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21st Century Chief Planning Officers: Joining the dots

Victoria Geoghegan, President of the Planning Officers Society (2021-2022), Assistant Director, Planning & Building Control, Royal Borough of Greenwich

I have been reflecting on the wonderful things that Chief Planning Officers do on a daily, weekly, monthly, and yearly basis to deliver joined up strategic place-making and how important that role is in shaping and delivering quality development on the ground in a collaborative manner. 

What is a Chief Planner?

Chief Planners are instrumental in articulating the value of placemaking and the cross departmental agenda that the planning system should deliver. As the RTPI identified in their June 2019 Chief Officers Research Paper, we need to understand the environment in which we operate.

This includes local political motivations, seeking to achieve buy in and retain the strategic long-term vision, whilst understanding the realpolitik dynamic of the short election timescale and the need for politicians to be seen to be delivering. Easy then? 

We are tested and performance managed continuously. You have passed/failed your Housing Delivery Test, where’s my planning application decision? Where is your local plan? And do you have 5-year housing land supply?

The key attributes needed for a Chief Planner

Not only do we need key skills such as leadership, emotional intelligence, political nuance, influencing and being commercially aware. We also must think about how to secure delivery of homes and jobs in both the short and long term. Plus, all the other elements that deliver comprehensive quality growth. Through gathering evidence, data and developing joined up policies to set a framework we ensure good quality developments get permissions and poor ones don’t (that is the theory anyway).

The role of Chief Planner is crucial in any local authority area.

So, how can we ensure that local authorities deliver exemplar growth and developments and that no aspect of our functions are left wanting when that development is built and occupied?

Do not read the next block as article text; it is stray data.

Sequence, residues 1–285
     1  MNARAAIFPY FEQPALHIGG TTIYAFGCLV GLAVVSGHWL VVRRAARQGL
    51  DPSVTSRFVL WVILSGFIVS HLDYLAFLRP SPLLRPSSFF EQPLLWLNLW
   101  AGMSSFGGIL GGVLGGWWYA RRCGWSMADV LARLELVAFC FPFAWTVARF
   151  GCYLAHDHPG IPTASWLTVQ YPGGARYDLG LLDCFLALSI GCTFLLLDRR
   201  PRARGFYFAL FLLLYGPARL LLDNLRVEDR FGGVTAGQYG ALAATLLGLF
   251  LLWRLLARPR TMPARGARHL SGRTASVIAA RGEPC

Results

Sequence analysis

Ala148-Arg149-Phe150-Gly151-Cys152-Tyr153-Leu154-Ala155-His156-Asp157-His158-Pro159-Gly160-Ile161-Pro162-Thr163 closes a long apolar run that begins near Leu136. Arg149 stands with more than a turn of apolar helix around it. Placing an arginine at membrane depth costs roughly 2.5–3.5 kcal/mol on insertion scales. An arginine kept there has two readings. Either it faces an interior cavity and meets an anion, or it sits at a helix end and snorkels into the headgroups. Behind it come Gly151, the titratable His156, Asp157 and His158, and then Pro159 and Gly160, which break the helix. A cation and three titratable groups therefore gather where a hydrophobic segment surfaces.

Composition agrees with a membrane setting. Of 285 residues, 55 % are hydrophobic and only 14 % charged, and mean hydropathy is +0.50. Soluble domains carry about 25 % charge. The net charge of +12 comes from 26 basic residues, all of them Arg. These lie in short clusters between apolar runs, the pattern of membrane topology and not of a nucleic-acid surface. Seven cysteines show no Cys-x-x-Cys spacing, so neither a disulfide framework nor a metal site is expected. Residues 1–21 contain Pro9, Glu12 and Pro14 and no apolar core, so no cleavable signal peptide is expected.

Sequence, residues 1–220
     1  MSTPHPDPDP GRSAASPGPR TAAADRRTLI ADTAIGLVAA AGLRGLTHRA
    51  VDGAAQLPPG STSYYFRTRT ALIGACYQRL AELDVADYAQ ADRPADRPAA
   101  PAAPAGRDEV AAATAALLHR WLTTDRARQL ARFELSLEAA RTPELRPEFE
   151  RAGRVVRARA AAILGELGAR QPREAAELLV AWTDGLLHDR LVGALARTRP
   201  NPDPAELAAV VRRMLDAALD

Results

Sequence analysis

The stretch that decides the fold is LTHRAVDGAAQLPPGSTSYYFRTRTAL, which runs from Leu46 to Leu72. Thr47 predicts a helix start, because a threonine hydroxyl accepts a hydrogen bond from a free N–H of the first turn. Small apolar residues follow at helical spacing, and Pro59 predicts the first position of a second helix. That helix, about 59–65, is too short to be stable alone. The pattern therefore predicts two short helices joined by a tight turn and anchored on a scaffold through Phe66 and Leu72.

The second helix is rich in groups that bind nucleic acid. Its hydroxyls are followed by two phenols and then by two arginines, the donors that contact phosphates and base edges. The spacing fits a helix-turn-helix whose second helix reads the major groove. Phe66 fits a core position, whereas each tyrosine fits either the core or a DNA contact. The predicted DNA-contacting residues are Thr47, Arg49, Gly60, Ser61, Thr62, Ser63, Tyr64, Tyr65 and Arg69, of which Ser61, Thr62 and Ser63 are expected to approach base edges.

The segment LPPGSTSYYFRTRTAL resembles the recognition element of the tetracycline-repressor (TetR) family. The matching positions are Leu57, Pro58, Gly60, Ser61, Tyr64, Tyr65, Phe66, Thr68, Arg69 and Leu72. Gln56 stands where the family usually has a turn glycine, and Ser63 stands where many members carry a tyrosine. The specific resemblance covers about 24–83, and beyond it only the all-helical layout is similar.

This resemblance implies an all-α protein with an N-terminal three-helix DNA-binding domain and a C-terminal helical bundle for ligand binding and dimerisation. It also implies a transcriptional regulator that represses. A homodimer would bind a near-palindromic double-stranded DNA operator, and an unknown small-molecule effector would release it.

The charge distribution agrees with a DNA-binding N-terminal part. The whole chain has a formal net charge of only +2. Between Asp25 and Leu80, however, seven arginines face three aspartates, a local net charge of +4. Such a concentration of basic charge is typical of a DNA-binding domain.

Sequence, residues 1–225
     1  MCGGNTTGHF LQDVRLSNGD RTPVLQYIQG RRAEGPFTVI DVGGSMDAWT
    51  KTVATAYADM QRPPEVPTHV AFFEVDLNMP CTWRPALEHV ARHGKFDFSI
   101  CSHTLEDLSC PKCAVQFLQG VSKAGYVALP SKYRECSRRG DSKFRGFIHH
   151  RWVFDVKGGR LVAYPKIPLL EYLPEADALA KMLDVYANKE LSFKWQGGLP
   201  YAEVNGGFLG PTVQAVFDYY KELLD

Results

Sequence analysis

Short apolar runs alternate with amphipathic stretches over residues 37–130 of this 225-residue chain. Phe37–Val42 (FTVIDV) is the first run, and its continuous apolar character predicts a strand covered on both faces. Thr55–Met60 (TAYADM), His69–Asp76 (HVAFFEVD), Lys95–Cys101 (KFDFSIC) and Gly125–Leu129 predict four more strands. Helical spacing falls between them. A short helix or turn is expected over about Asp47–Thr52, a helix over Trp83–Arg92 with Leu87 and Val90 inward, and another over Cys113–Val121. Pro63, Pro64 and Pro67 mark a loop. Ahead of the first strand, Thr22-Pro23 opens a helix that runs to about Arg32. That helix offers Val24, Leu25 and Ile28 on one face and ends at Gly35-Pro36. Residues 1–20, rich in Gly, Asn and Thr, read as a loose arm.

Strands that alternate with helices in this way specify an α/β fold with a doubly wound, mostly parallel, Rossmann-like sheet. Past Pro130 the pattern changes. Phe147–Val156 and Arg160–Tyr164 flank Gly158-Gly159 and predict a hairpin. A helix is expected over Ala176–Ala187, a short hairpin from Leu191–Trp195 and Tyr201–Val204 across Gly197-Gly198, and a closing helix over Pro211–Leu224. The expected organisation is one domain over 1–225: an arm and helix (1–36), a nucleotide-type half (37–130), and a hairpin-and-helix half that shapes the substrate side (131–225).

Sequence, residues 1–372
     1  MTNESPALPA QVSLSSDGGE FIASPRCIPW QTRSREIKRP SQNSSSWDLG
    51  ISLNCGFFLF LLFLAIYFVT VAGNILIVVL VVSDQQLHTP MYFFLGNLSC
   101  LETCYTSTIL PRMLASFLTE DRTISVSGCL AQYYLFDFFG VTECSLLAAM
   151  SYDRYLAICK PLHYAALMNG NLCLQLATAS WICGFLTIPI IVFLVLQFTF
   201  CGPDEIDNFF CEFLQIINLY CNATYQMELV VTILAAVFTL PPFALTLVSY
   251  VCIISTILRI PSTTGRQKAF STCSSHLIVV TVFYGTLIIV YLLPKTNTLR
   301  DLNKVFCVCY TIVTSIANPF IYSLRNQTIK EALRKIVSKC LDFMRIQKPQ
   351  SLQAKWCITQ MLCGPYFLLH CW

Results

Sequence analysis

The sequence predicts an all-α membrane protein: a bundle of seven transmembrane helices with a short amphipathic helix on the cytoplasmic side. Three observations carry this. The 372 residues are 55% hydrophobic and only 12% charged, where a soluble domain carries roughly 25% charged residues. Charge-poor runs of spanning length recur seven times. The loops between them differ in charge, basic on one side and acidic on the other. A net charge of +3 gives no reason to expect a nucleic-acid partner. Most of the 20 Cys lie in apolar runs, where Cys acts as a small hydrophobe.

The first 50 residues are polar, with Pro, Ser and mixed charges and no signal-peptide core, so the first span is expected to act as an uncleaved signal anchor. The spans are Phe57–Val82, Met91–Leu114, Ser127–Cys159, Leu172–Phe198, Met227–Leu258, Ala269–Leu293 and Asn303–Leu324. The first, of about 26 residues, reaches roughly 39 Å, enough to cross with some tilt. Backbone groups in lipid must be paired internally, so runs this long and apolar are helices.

Why a Chief Planner is important

The role of Chief Planner is crucial in any local authority area. We have been on a journey recently with COVID-19 meaning we have had to pick up our services and deliver them from our dining room tables!

It is about knowing who to bring into those conversations along the way to ensure it is all covered. It reminds me of the research done a few years ago by the LGA on the C21st public servant and what that means after years of austerity and increased citizen expectation. We are planning professionals, technical experts but also need to be story tellers, brokers and navigators acting on behalf of residents in the area. The only way to ensure you do this well is to join those dots up to deliver placemaking that is palatable to communities. You only need to see the reaction to the Planning White Paper from those that thought democracy was being removed from the planning system.

This is how a Chief Planner rises to the challenge and strives to deliver collaborative, joined up place-making within a local authority.

Chief Planners must know what is needed for their local authority area, what is already there and what conversations are going on about future delivery models. It is key to know what others are doing so that when we formulate policy or approve development it genuinely contributes to positive placemaking. We want to strive to achieve regeneration (in its broadest sense), not just redevelopment and certainly not just gentrification when a site in an area comes forward.

By this I mean ensuring longer term social, environmental and economic outcomes are met and understanding what this means for the placemaking agenda… joining those dots and working in a cross-cutting manner to ensure developments deliver the regeneration of an area and not just stand-alone, ill-thought-out redevelopments that never contribute to that wider placemaking piece.

It isn’t just about an exemplar designed piece of built form but what does that development do wider than that – deliver jobs, invests in skills and training, taps into the local supply chain, delivers affordable homes and helps develop a cohesive community. The aspects of placemaking that aren’t always apparent when you walk down the pretty looking street and who can contribute within your organisation to bring this to fruition.

Effective leadership requires a range of skills. It is essential the next generation of planners develops these skills to champion the influence of planning in wider corporate strategies of local authorities.

This is how a Chief Planner rises to the challenge and strives to deliver collaborative, joined up place-making within a local authority.

The RTPI and POS signed a concordat of understanding in 2020.

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